"I never told my own religion, nor scrutinized that of another. I never attempted to make a convert, nor wished to change another's creed. I have ever judged of the religion of others by their lives, and by this test, my dear Madam, I have been satisfied yours must be an excellent one, to have produced a life of such exemplary virtue and correctness. For it is in our lives, and not from our words, that our religion must be read."
--Letter to Mrs. Harrison Smith, August 6, 1816
"Your sect, by its sufferings, has furnished a remarkable proof of the universal spirit of religious intolerance inherent in every sect, disclaimed by all while feeble, and practiced by all when in power. Our laws have applied the only antidote to the vice, protecting our religious as they do our civil rights, by putting all men on an equal footing."
--Letter to Mordecai M. Noah, May 28, 1818
"The legitimate powers of government extend to such acts only as are injurious to others. But it does me no injury for my neighbor to say that there are twenty Gods, or no God. It neither picks my pocket nor breaks my leg."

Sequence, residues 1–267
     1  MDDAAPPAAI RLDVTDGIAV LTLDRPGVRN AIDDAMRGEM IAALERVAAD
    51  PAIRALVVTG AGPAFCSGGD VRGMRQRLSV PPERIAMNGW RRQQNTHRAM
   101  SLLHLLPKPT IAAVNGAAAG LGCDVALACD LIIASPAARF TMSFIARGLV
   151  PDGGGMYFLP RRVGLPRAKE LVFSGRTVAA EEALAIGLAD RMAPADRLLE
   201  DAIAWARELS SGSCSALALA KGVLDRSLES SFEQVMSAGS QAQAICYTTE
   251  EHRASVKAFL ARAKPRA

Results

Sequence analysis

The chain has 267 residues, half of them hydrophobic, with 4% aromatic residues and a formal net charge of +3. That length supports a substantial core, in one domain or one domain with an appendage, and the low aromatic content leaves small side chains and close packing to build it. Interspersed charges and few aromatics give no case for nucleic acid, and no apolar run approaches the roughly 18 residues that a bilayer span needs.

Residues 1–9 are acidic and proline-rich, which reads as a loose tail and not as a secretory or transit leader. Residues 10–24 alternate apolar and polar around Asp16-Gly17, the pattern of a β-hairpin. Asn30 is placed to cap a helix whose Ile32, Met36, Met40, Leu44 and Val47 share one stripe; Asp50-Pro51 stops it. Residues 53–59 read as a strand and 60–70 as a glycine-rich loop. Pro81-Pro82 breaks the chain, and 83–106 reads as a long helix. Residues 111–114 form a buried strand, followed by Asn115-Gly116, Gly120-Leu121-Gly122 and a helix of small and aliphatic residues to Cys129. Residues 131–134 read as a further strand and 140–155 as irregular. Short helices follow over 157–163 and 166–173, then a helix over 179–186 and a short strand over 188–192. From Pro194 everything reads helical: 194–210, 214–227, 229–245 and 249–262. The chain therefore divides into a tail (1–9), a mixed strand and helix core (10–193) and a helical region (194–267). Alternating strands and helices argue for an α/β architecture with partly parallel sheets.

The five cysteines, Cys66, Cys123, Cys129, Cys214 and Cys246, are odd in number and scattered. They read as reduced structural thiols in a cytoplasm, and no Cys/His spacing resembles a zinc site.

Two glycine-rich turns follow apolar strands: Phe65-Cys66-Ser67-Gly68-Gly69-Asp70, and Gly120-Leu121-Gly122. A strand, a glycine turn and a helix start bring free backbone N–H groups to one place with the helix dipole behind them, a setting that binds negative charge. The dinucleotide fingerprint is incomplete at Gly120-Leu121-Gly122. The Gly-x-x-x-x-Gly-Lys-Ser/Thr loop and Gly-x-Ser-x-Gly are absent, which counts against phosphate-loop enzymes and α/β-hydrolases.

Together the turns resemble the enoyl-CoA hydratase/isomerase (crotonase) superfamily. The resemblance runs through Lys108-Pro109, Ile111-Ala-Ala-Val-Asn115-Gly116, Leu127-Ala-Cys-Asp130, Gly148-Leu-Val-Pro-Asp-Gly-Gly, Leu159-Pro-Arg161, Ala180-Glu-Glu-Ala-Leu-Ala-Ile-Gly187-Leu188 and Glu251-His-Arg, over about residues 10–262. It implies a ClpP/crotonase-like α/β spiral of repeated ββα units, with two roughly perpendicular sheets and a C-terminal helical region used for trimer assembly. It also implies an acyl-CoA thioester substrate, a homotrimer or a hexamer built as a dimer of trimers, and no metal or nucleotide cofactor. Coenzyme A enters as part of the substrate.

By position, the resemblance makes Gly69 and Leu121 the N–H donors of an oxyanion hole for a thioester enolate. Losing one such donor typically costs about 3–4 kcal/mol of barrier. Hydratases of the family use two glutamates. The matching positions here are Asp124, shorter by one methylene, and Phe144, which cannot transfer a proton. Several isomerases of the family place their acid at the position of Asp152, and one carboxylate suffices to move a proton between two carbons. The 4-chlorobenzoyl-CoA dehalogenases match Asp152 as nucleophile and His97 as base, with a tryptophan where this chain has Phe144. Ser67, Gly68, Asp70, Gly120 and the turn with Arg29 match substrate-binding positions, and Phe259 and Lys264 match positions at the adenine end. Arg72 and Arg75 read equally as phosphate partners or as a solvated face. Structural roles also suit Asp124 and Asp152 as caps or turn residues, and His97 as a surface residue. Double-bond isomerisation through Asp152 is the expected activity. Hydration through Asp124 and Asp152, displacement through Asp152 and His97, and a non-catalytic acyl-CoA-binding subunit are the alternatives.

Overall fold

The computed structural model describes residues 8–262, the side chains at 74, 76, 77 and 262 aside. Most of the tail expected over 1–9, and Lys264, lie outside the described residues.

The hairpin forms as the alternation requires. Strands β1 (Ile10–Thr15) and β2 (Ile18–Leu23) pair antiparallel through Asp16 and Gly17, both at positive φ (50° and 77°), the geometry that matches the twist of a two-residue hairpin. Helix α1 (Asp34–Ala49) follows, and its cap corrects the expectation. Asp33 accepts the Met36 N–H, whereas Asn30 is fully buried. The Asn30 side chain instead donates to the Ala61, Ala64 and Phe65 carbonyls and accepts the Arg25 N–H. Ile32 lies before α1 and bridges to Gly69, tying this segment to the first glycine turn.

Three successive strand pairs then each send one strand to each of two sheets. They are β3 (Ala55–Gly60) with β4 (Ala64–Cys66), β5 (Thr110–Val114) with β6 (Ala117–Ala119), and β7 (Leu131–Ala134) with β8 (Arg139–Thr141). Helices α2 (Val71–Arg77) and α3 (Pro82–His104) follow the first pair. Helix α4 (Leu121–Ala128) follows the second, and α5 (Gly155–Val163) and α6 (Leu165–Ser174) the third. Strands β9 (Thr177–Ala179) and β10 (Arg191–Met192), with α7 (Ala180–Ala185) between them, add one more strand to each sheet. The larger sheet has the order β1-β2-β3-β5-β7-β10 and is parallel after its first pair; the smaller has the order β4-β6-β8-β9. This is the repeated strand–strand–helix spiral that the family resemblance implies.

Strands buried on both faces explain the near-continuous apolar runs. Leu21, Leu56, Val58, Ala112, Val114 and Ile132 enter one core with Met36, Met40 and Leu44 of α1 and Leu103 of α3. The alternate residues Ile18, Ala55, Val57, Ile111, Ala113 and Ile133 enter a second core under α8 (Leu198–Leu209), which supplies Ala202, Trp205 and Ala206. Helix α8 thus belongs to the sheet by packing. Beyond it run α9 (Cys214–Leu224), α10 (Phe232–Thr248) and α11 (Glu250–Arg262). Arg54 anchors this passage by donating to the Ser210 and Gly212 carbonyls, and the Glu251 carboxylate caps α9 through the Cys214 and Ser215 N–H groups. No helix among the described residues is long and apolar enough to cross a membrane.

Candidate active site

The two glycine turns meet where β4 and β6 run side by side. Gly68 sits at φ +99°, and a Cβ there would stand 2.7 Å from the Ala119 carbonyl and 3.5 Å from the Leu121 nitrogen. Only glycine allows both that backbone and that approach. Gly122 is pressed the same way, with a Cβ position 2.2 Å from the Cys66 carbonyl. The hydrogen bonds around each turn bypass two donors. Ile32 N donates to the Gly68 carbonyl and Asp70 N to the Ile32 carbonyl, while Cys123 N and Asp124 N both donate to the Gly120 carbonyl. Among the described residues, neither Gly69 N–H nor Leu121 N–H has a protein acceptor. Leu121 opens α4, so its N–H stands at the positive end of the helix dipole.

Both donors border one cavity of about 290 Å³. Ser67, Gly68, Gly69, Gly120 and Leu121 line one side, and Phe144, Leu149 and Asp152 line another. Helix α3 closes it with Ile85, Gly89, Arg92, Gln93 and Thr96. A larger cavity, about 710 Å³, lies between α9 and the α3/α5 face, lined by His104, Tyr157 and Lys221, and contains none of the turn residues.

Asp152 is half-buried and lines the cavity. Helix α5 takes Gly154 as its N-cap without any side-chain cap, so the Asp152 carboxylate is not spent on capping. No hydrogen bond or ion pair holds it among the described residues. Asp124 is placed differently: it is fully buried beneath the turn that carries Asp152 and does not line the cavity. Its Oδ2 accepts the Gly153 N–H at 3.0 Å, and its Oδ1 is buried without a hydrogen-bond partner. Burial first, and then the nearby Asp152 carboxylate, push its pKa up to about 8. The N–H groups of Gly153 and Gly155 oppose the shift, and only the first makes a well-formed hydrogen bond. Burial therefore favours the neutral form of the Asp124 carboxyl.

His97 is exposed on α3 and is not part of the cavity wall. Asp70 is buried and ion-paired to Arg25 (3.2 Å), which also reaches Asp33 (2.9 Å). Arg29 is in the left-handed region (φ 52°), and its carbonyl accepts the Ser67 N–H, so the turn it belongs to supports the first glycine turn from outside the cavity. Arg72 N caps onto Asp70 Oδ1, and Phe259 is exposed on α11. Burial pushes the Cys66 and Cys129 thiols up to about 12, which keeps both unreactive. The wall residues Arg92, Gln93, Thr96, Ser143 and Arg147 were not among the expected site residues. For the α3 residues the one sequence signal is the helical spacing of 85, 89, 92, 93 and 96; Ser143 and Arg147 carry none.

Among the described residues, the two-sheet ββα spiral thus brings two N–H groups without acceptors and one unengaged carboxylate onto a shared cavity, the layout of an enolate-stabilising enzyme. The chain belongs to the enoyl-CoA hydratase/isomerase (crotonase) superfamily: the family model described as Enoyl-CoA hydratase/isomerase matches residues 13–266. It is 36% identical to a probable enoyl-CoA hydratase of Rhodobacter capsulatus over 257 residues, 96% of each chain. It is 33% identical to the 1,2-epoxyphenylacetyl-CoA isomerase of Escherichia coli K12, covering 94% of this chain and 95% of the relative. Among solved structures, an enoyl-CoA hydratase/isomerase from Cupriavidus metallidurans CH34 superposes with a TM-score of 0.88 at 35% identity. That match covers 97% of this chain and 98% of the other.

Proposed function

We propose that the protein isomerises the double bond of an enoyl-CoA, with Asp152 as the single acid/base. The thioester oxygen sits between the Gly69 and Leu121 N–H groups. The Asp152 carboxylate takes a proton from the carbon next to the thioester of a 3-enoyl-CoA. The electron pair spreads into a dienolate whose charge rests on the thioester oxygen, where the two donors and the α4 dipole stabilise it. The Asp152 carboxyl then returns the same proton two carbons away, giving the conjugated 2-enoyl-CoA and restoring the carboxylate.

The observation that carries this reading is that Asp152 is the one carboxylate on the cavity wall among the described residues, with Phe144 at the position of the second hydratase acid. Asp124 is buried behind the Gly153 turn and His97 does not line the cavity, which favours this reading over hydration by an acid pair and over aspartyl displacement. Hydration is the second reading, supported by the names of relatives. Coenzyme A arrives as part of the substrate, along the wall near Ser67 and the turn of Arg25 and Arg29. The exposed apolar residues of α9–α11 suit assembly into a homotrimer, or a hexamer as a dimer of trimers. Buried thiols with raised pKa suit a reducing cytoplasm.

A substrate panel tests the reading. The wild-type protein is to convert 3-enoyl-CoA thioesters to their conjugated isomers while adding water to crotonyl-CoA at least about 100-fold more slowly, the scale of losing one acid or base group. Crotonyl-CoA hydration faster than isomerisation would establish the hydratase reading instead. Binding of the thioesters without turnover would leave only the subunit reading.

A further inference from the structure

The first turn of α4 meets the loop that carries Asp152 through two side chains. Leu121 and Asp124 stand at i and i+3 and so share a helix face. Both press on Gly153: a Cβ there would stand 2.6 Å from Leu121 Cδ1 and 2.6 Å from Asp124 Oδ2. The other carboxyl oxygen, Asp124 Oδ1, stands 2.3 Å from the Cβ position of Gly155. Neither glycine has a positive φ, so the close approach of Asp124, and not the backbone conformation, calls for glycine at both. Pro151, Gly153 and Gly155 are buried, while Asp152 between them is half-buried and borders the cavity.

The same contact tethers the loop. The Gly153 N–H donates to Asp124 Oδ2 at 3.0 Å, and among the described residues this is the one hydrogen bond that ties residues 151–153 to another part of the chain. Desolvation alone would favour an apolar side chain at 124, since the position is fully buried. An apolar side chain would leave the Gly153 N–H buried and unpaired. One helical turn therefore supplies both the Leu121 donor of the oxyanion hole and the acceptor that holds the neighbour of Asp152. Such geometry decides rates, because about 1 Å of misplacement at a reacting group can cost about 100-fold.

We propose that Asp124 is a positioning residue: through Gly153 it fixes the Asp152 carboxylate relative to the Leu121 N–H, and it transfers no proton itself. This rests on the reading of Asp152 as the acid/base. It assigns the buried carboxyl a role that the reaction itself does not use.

--Notes on the State of Virginia, 1781
"I never will, by any word or act, bow to the shrine of intolerance, or admit a right of enquiry into the religious opinions of others. On the contrary, we are bound, you, I, and every one, to make common cause even with error itself, to maintain the common right of freedom of conscience."
--Letter to Edward Dowse, April 19, 1803
"It behooves every man who values liberty of conscience for himself, to resist invasions of it in the case of others; or their case may, by change of circumstances, become his own."
--Letter to Benjamin Rush, April 21, 1803
"Difference of opinion is advantageous in religion. The several sects perform the office of a censor morum over such other. Is uniformity attainable? Millions of innocent men, women and children, since the introduction of Christianity, have been burnt, tortured, fined, imprisoned; yet we have not advanced one inch toward uniformity. What has been the effect of coercion? To make one half of the world fools and the other half hypocrites."
--Notes on the State of Virginia, 1781
Americans United is a religious liberty watchdog group based in Washington, D.C. Founded in 1947, the organization educates Americans about the importance of church-state separation in safeguarding religious freedom.